First it was Nevada that allowed a commercial entity, in this case Google, to start testing an autonomous car on its roads, including alongside other motorists.

Soon after Florida and California passed legislation to allow the self-driving cars to be allowed on their respective roads, with lawmakers being lured by both the benefits of the technology as well as the potential to rake in billions in research dollars.

Now Michigan, home to America’s major automakers as well as numerous firms associated with the auto industry, is fast tracking its own legislation to allow testing of autonomous cars on public roads.

The Detroit News, via The Car Connection, is reporting that one of the state’s senators, Mike Kowall, has conceded that allowing the autonomous cars to be tested on Michigan roads will ensure research and development expenditures, plus any related taxes, stays in the state.

Kowall went on to explain that at least one firm, major automotive supplier Continental, was planning on moving its autonomous car research to Nevada, where it was recently granted one of the state’s licenses for autonomous cars.  

Like the laws set up in other states that permit testing of self-driving cars, the Michigan laws would require a driver to be in the driver's seat at all times during testing to take over in the case of an emergency.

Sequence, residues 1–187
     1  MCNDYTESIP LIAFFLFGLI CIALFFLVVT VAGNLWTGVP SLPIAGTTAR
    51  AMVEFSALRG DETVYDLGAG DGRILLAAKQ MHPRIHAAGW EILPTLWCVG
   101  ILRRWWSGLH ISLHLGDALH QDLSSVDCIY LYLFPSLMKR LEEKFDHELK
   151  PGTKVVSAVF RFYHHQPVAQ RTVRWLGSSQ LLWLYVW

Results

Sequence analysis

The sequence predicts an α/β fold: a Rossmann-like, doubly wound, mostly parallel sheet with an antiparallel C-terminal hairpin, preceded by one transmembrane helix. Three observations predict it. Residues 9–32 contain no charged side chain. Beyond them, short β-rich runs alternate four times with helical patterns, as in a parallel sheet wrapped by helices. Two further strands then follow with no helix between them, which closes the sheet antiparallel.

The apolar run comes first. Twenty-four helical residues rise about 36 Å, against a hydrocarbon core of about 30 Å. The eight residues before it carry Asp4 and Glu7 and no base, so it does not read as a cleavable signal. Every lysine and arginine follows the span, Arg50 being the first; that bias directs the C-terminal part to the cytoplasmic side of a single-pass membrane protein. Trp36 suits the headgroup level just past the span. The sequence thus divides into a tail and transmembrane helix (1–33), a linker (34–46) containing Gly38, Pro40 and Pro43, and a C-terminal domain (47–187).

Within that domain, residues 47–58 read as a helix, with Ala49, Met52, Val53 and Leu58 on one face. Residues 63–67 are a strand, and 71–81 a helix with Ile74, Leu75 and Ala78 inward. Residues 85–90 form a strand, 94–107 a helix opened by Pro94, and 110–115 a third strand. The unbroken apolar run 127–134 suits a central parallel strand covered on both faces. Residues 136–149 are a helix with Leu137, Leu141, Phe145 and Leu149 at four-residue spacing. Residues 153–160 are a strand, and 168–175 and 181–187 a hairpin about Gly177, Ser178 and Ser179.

As for the technology itself, which relies on an array of sensors along with detailed maps to help guide the vehicles, we’ll see the first example offered on the 2014 Mercedes-Benz S Class due out later this year. The Mercedes system will only be able to drive in traffic and on highways autonomously.

According to Google, the capability for a fully autonomous car could be reached within the decade, though holding up any launch is a multitude of issues ranging from the reliability of the technology to legal issues.

Note, Michigan is already home to the U.S. Department of Transportation’s extensive ‘Car 2 Car’ research program, dubbed the Connected Vehicle Safety Pilot Model Deployment Program.

The aim of the program is to test cars which, by communicating with their surroundings, are able to prevent crashes by detecting them before they happen and either warning their drivers or autonomously taking action such as braking or steering out of danger.